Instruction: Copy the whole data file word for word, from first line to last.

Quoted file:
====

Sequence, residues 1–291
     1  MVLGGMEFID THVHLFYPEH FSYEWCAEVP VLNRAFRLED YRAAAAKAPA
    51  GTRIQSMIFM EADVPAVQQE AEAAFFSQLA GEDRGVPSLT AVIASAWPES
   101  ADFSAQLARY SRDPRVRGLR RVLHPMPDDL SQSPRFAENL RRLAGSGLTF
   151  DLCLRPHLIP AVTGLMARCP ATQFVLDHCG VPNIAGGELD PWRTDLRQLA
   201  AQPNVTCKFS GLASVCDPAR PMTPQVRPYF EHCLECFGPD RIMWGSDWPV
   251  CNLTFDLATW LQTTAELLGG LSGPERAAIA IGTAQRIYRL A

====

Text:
Sequence, residues 1–291
     1  MVLGGMEFID THVHLFYPEH FSYEWCAEVP VLNRAFRLED YRAAAAKAPA
    51  GTRIQSMIFM EADVPAVQQE AEAAFFSQLA GEDRGVPSLT AVIASAWPES
   101  ADFSAQLARY SRDPRVRGLR RVLHPMPDDL SQSPRFAENL RRLAGSGLTF
   151  DLCLRPHLIP AVTGLMARCP ATQFVLDHCG VPNIAGGELD PWRTDLRQLA
   201  AQPNVTCKFS GLASVCDPAR PMTPQVRPYF EHCLECFGPD RIMWGSDWPV
   251  CNLTFDLATW LQTTAELLGG LSGPERAAIA IGTAQRIYRL A